The shifting geographic patterns of saving and investment activity will also be manifested in patterns of global capital flows. In the gradual convergence scenario, much of the developing world will run moderate, gradually attenuating deficits. This pattern will predominate among countries that are relatively early in their demographic transitions and have significant scope for financial market development, which tends to moderate saving and at the same time boost investment. For example, India and, on aggregate, Sub-Saharan Africa fit this description well; they will run current account deficits averaging 2.4 percent and 3.2 percent of GDP, respectively, over 2010–30 under this scenario. Under the rapid convergence scenario, this pattern will be even starker as faster financial development attracts capital and at the same time moderates private saving. These net capital inflows will not come primarily from the North but from newly industrialized East Asian countries, most notably China.
The relevance of capital flows, however, extends well beyond the balance of a country’s borrowing or lending captured by net inflows or outflows. Gross inflows and outflows can be thought of as trade in financial assets. In this sense, the future path of a country’s gross capital inflows and outflows depends on (a) the strength of demand for foreign assets; (b) the country’s capacity to supply assets with return and risk characteristics appealing to international investors and creditors; and (c) the degree of frictions—for example, problems of asymmetric information—that potentially inhibit this exchange.
Institutional improvement and financial market development in the developing world, combined with an environment of rising perceived risk in high-income economies, appears set to remove advanced countries’ monopoly on supplying high-quality assets. Encouraged by improvements in the business environment, solid economic growth, and demographic trends supportive of growing consumer demand, investors have shown greater interest in developing countries far beyond large emerging markets, as demonstrated perhaps most clearly in recent years by the growing level of capital inflows to Sub-Saharan African countries. In the future, improvements in institutional factors will co-evolve with ongoing regional and global integration of developing countries’ financial markets, rendering developing countries much more significant sources, destinations, and potentially also intermediaries, of global capital flows.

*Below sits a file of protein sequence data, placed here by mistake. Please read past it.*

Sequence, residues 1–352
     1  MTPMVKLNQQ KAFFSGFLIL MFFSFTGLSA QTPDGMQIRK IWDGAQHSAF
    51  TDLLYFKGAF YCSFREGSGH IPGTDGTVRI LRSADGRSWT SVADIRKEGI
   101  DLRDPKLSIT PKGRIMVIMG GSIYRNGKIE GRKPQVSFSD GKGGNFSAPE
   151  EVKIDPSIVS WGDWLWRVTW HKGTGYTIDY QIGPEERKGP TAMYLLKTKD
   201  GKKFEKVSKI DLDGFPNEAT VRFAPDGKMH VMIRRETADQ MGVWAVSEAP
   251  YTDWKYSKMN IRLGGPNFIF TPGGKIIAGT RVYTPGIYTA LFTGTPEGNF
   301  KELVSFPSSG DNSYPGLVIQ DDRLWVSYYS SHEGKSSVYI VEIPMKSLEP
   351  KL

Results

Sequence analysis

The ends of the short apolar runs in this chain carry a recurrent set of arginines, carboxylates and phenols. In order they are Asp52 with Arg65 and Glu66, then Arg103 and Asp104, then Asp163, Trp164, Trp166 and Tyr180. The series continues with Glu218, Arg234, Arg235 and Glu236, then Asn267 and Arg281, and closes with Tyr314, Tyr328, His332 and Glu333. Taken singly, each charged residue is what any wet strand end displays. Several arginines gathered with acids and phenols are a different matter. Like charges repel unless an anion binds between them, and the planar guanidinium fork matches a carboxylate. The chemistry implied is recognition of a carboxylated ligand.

The scenario analysis estimates that developing countries will account for 47–60 percent of global capital inflows in 2030, up from 23 percent in 2010 (see figure below). There will also be clear changes in the regional distribution of capital flows. Disaggregating the projected increase in capital inflows to the developing world by country shows that China will be an important part of the story, but by no means will it be a China story—nor a BRICs story—alone. By 2030, no single country will attract as great a share of global inflows as the United States or the Euro Area do today. Moreover, small and medium-size developing countries will collectively matter much more in the global economy than they do today, particularly in terms of their role in global financial markets and in driving capital flows.
With developing countries accounting for most of both global gross inflows and outflows under both scenarios, the South-South component of gross capital flows will grow to become significant at the global level. Developing countries’ financial markets will play a much greater role in intermediating capital flows than they do today, both in their role as intermediaries of South-South flows and in their intermediation of capital flows to and from the North. Reserve accumulation will likely decline as a share of developing countries’ outflows, displaced by private flows as financial markets develop and as exchange rate regimes move toward greater flexibility.